Salve: Magister Bryan


Nothing stays the same forever. This is the one universal truth of the world. TV shows get canceled, accidents happen, and people move away. Last year, the Class of 2026 and the entire school had to say goodbye to our beloved 8th-grade Latin teacher, Mr. Jake Bryan, as he moved states. He has always carried a positive energy with him both inside and outside of the classroom. He never ceases his energetic personality or his unique teaching methods, even if the whole class was too tired to share his enthusiasm. Mr. Bryan always said that one of his favorite things at Casady was when his past students would come and visit him during breaks. It might be a bit harder to visit him now, considering he lives in Colorado, but he is still open to talking whenever someone needs a bit of energy in their life. In our interview, he shared some experiences he has had at his new school and with the people in it. 

CB: Not to dox you or anything, but where did you move to? What is the name of your new school?

Mr. Bryan: I moved to Colorado. We are living in a city called Loveland, but I teach at a school in Fort Collins, Colorado, which is about an hour out from Denver. The name of the actual school is Liberty Common High School. 

CB: Have you continued some of your more interesting teaching techniques? (I.E. yelling like Dora the Explorer, standing on desks, the dice game, etc.)

Mr. Bryan: Yeah, some of it. What I teach is a little different, as far as level-wise. Instead of teaching 8th grade only, I’m teaching Latin 1 and Latin 2, which are essentially students from 7th grade to 10th grade. In my 7th grade class, I have them stand on their desks and chant really loud, but the high school students are past most of the verb endings, so there’s a lot less chanting. I still try to have them be as over-enthusiastic as possible, so there’s some channeling of our inner Dora energy going on there.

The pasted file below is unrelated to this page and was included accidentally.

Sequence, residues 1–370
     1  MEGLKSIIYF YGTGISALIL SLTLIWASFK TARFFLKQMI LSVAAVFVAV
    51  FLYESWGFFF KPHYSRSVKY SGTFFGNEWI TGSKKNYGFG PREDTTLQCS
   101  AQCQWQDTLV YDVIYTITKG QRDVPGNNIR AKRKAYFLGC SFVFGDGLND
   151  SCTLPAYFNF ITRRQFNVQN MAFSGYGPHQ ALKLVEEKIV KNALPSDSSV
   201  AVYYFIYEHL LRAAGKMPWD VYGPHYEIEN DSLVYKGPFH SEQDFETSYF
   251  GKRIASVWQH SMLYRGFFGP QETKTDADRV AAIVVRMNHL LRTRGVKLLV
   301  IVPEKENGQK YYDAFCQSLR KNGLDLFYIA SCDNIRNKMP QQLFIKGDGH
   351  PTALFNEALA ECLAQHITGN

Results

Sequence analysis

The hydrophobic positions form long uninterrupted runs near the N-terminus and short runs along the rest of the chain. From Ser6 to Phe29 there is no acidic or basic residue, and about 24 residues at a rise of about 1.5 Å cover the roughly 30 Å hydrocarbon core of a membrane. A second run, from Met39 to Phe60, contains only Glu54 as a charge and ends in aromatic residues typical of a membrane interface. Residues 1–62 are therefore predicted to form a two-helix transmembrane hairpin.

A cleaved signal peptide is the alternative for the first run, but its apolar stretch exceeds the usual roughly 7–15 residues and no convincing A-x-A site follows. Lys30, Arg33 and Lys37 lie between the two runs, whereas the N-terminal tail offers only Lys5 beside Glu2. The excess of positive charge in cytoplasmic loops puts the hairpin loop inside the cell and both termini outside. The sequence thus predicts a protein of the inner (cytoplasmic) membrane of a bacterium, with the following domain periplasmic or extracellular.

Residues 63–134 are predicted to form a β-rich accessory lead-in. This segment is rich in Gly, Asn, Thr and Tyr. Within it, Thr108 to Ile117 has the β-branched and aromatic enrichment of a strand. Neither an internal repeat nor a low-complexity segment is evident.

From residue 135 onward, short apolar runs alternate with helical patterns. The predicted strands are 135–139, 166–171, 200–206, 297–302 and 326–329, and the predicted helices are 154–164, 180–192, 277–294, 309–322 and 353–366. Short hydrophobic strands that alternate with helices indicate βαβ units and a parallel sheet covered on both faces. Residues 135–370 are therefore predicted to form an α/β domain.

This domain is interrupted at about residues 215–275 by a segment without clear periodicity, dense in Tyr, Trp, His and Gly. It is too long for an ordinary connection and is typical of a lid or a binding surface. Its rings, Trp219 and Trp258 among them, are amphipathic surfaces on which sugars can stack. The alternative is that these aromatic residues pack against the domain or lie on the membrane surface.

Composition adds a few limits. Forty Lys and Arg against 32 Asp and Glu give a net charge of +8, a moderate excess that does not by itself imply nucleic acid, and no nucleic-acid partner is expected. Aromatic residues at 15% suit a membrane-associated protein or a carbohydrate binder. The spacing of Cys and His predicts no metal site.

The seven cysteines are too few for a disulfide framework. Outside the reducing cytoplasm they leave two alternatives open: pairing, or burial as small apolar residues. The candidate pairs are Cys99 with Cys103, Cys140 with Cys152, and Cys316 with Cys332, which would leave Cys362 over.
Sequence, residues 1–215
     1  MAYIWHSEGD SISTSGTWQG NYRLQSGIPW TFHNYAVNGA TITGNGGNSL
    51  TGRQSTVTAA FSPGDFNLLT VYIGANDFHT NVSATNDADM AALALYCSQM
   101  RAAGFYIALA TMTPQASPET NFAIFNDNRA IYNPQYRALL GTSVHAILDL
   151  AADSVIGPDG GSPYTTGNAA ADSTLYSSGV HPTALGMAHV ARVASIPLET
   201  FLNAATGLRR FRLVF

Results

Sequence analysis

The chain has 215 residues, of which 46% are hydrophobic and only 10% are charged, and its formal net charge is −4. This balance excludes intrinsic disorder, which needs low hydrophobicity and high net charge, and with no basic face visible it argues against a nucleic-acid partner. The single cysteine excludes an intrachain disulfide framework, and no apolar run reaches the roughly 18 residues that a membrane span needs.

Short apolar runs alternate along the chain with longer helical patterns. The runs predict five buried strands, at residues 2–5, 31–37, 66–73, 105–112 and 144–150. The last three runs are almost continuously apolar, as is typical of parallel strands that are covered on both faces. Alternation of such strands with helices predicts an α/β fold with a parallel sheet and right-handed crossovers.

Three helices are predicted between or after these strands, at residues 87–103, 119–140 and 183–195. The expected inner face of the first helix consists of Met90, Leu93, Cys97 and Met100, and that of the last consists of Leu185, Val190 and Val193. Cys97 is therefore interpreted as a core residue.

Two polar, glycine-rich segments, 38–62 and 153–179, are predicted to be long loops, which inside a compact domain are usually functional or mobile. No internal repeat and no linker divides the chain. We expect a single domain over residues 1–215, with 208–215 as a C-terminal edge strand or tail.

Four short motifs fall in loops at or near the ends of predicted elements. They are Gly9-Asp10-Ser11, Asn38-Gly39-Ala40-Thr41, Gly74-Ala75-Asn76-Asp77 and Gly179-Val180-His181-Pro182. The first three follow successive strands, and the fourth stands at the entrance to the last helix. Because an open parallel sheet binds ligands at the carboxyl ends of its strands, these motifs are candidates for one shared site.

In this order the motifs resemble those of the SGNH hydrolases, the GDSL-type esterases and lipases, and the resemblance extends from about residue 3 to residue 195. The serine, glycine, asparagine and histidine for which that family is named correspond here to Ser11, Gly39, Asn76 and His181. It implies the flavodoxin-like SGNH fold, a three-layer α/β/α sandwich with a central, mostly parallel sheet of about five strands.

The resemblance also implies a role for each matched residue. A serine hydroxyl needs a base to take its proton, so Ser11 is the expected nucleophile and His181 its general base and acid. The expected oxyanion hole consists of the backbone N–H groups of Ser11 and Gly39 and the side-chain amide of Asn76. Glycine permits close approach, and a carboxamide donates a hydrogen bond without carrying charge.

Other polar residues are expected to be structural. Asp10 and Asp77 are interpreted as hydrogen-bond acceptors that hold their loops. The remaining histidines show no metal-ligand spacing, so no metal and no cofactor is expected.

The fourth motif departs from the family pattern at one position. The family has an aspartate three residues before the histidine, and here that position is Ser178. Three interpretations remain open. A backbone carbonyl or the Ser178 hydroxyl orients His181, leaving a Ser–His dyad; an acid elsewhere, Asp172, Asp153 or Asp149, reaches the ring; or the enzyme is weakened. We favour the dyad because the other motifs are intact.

I don’t know what happens between high school and middle school, but some of the high school students think they’re a little too cool for school; too cool to be standing on their desks and yelling real loud. But one class of 8th and 9th graders heard that we used to stand on our desks and chant at Casady, and they wanted to chant for a class and it was a lot of fun. So maybe I should give the high schoolers a little more credit. 

We haven’t played the dice game yet, mainly because my classes now are bigger so it’s harder to do that with everyone in the room. Most of my classes have about 25 kids which makes it a bit chaotic to play a game. I’m definitely trying to keep the obnoxious chanting alive for sure. 

CB: Last year you had the goal of wanting one of the other teachers to shut your door because you were too loud. Have you managed to achieve that goal this year?

Mr. Bryan: Not really. The only classes around me are other Latin classes and they understand the yelling. Something that is fun though is that I have one of my Latin 1 classes with 7th graders at the same time as another Latin 4 class, so whenever we start chanting really loud, they’ll try to chant something louder so we get in a chant battle. 

CB: How are you liking your new students and do you have any stories of them you would share?